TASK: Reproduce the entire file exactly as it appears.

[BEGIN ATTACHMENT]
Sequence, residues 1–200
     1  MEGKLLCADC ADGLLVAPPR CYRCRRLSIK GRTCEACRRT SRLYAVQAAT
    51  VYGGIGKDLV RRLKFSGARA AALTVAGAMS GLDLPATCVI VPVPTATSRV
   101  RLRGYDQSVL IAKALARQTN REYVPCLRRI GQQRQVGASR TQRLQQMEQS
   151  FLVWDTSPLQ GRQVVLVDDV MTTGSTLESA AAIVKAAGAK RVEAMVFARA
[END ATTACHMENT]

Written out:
Sequence, residues 1–200
     1  MEGKLLCADC ADGLLVAPPR CYRCRRLSIK GRTCEACRRT SRLYAVQAAT
    51  VYGGIGKDLV RRLKFSGARA AALTVAGAMS GLDLPATCVI VPVPTATSRV
   101  RLRGYDQSVL IAKALARQTN REYVPCLRRI GQQRQVGASR TQRLQQMEQS
   151  FLVWDTSPLQ GRQVVLVDDV MTTGSTLESA AAIVKAAGAK RVEAMVFARA